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Copyright infringement clamped down

SOPA (Stop Online Piracy Act) / WEB BLOCKING

For the last couple of years the three-strikes has been the preferred method of stopping people from downloading music illegally. Now it's court injunctions forcing ISPs to block access to websites that infringe copyrights. This has been successful with websites such as The Pirate Bay, Grooveshark (now blocked in Germany), Megaupload and there are more to come.  In The USA the SOPA (Stop Online Piracy Act) was trying to be introduced which would be a fast track court process for obtaining such injunctions.  This was met with a lot of objections (the one obtaining most news headlines was Wikipedia going offline for 24 hours in protest).  Opponents of web blocking argue it gives too much power to traditional content companies to censor the internet, fearing any high speed system for blocking access to websites would be misused.

The injunction route does seem more likely to succeed than three-strikes.  Spain has already introduced web blocking, while the White House has recommended SOPA has a radical rethink, but it hasn't necessarily killed off the legislation. For more information on SOPA:

One day we might finally be able to get on with creating great music and great products that people will want to pay for, rather than wasting so much time on the 'file-sharing problem'. And the industry's PR people, rather than talking up and justifying tougher copyright laws, can put more effort into educating the public about why paying for music is a good thing to do.


As previously reported, a commenter on a Digital Music News story about Grooveshark last November claimed to work for the streaming firm, and said that they were routinely told by bosses there to upload music to the company's servers from labels with which they had no licenses. Officially Grooveshark's users upload music to the site, which means that when music from record companies which haven't licensed to Grooveshark by the labels or other rights holders then there is a takedown process in place which under the DMCA (US Digital Millennium Copyright Act) can avoid liability for copyright infringement against the website (in this case Grooveshark). But Universal Music, in its latest copyright infringement lawsuit against Grooveshark, says it has evidence that staff members at the company also upload unlicensed content, which would prevent the firm from using DMCA provisions to fight copyright infringement charges. Universal's claims are based on upload data it received from Grooveshark as part of an earlier legal dispute, and the anonymous DMN comment. Grooveshark insists that Universal has deliberately misinterpreted the data it provided the major, and that the DMN commenter is a fraud, ie he or she has never worked for the streaming firm. Original document here (and below the comment posted by one of the Grooveshark's employee's on the DMN website):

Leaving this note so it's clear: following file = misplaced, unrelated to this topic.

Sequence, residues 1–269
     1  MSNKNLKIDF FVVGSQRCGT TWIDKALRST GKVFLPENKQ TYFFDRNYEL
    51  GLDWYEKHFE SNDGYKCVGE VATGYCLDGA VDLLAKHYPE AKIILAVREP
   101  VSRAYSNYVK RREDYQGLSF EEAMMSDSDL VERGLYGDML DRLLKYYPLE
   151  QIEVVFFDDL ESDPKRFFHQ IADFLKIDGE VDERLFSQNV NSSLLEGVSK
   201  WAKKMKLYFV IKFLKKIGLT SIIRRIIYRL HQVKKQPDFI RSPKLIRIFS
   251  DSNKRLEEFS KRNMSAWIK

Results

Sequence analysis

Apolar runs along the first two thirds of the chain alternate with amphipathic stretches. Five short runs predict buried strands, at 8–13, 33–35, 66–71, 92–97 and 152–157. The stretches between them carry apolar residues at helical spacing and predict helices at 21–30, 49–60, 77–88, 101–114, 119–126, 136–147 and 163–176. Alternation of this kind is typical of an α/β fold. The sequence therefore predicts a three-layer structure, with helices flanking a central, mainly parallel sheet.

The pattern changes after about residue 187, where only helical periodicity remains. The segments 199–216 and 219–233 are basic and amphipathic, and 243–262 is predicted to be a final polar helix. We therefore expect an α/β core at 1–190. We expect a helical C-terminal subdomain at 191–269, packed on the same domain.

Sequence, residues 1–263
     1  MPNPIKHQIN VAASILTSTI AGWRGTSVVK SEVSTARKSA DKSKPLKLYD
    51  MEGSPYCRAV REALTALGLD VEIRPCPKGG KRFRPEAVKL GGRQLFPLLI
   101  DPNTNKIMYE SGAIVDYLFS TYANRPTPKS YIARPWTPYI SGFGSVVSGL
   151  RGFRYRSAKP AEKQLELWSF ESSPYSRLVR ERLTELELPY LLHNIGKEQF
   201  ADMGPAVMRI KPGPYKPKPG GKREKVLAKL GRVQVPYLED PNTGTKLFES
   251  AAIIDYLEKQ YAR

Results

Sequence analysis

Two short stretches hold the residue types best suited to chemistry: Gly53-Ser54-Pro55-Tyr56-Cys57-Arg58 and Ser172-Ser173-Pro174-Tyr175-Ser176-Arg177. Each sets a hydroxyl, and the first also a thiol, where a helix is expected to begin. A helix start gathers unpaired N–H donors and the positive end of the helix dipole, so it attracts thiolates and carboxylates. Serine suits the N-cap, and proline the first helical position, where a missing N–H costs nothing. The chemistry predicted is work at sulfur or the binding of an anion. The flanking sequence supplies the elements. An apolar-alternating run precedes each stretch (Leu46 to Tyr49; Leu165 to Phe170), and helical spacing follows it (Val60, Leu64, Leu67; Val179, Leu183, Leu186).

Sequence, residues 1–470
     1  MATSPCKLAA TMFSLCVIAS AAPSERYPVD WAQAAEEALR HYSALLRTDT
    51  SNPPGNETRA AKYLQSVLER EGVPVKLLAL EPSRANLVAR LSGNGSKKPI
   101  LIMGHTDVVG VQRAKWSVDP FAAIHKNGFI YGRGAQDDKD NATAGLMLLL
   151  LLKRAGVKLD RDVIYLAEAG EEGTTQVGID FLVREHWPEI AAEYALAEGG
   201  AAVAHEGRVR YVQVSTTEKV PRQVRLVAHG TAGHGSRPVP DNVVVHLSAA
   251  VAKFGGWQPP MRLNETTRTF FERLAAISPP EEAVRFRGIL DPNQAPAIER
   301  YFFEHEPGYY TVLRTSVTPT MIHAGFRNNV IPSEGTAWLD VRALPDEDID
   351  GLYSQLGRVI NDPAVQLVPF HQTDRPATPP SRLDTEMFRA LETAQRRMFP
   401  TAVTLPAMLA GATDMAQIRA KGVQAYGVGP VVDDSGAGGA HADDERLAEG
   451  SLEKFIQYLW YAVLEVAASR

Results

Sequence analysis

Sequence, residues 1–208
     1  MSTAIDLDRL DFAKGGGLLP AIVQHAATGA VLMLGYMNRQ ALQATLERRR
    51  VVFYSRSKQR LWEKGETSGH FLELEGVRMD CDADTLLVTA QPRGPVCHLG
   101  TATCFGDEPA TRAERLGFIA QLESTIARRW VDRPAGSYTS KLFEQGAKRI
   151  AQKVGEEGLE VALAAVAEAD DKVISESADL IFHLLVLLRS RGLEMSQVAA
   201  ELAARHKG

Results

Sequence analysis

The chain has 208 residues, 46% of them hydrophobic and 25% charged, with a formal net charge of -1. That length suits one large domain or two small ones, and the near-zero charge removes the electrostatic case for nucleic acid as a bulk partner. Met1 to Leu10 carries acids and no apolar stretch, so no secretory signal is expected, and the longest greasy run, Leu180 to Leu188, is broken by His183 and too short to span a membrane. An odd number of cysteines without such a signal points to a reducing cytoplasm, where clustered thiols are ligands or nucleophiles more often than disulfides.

More recently Grooveshark's apps for both the iPhone and Android-powered devices were banned from the respective stores of Apple and Google under pressure from the record companies, who accuse the Groovesharkers of infringing their copyrights by running a slack takedown system to remove unlicensed content when it is uploaded by users (and also, in Universal, Sony and Warner's latest lawsuit, of uploading unlicensed content themselves).


Finally file sharing website MegaUpload was taken down and members in the CEO were arrested by the FBI for mass copyright infringement, racketeering and money laundering.  In court papers released last week, the authorities said that their investigations had found many emails between key execs involved in the Mega company in which they discussed uploading vast quantities of unlicensed content to their servers to drive traffic to their sites, including pulling thousands of videos off YouTube and making copies available on their own platform. All of which means the company itself was infringing copyright on a mass scale.  Other emails discussed offering cash incentives to users who uploaded large quantities of unlicensed movies, and when not to take notice of takedown requests submitted by content owners under the aforementioned DMCA. One email also mused “we have a funny business … modern days pirates :)”. Court papers also say that the Mega companies took $110 million through PayPal, which had enabled Schmitz to pay himself $42 million in 2010 alone. The Mega group had 60 bank accounts around the world.

More information here:

Extracted from various CMU newsletters.  CMU subscription free from here: